BOS Podcast--4 Steps to Getting Media Attention From We-Vibe

Find out how to maximize your media exposure from Denny Alexander, Marketing Communications Manager for We-Vibe and Standard Innovation. Denny goes through the four step process to help small to mid-sized adult products and retailers get great PR coverage who have a small marketing budget.

(Scroll all the way to the bottom of this page to hear the pocast.)

What We Talked About

  • How Denny became the Marketing Communication Manager for We-Vibe and Standard Innovation
  • Denny maps out his four step PR plan for small to mid-sized adult product and retail businesses.
  • Denny gives his three best tips for companies to get the word out.

About Denny Alexander
Denny Alexander is the Marketing Communications Manager for We-Vibe and Standard Innovation, where he is responsible for corporate communications, public relations, social media, and content.  He has been with We-Vibe for 5 years, during which time the brand has captured a number of PR awards, including the PRWeek award for best technology campaign last year. Denny has nearly 20 years of marketing and PR experience and started his career in the film, television and entertainment industry. 

Denny's Four Step Guide To Getting The Media's Attention

Getting media attention
A PR primer to help your business from We-Vibe ®
To be recognized in a competitive marketplace, a solid understanding of where your business fits into the media landscape can be the edge you need to maintain and grow your customer base. Hiring a publicist or PR agency for that knowledge isn’t typically within the reach of most small or medium sized businesses, but that doesn’t mean that you have to rule out the possibility of actively getting media coverage or reporters interested in your business and what you have to offer local customers.

The fundamental aspects of publicity are all you need to confidently and independently reach out to the press to gain the coveted media exposure you’re after.

Here are four steps towards successful publicity for your business:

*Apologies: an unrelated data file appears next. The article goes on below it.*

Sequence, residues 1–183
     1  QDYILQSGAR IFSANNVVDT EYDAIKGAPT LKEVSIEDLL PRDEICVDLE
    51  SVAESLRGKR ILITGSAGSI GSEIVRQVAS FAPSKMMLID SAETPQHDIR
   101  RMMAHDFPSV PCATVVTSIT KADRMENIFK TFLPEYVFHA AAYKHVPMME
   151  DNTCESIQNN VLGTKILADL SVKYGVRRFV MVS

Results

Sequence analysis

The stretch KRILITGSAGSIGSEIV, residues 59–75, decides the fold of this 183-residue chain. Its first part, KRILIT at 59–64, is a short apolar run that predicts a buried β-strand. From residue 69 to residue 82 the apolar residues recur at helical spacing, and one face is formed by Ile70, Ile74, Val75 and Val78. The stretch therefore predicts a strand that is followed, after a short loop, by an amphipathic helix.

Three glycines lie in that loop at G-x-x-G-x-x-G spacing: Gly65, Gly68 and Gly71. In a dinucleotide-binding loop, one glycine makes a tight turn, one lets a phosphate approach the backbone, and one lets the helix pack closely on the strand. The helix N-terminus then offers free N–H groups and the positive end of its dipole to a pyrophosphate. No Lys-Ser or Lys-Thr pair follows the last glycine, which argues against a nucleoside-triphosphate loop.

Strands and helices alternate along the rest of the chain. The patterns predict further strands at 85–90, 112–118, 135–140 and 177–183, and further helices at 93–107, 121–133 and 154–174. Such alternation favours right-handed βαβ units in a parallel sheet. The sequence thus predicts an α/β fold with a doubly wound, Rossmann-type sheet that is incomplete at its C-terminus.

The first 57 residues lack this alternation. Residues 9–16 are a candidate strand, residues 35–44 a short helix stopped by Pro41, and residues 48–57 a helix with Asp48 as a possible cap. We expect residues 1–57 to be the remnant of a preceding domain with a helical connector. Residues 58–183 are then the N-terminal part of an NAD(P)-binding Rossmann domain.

You’ve got a new product. So what? Who cares? The answers to these questions are your hook--perhaps the single most important element to capturing a reporter’s attention. Put yourself in a reporter’s shoes and ask yourself why is this product so interesting, and who will be most interested in knowing about it. By answering these questions you will not only identify the newsworthy element of your story but the audience for it as well. Establishing your hook, or your angle, is the most important aspect of publicity and always the first step because it hands the media a reason to be interested, and a picture of the people who are waiting to hear your story.

A great hook tells the reporter what’s special about your product--that, for example, it’s new, innovative, unique, significant, important, controversial, timely, and the first of its kind and/or the only of its kind. (Things like facts, research, and survey results are great supports here). From there, it points to a target audience--the group of people that will care the most. If there are a variety of groups who will care, even better. The broader the audience for your hook, the more newsworthy it becomes, and the more appeal it has to media. Your hook is your leverage -- what separates you from the pack.

Once you have your hook, it’s time to strategize. A media strategy simply means taking at your hook--the most newsworthy element of what you have to offer -- and matching it to different media available to you. Which media do you want to have cover your business? Write down a comprehensive list of all that apply. If you’re not sure where to start, talk to your existing customers. Ask them what publications they read or listen to and add those to your list. Be sure to include different mediums--newspapers, magazines, radio, television shows, online publications, blogs, and podcasts, making sure not to forgot key local outlets. From that list, which outlets have sections, shows or reporters who are a logical fit with the product you’re trying to promote? Separate them from the larger list. This is your target list.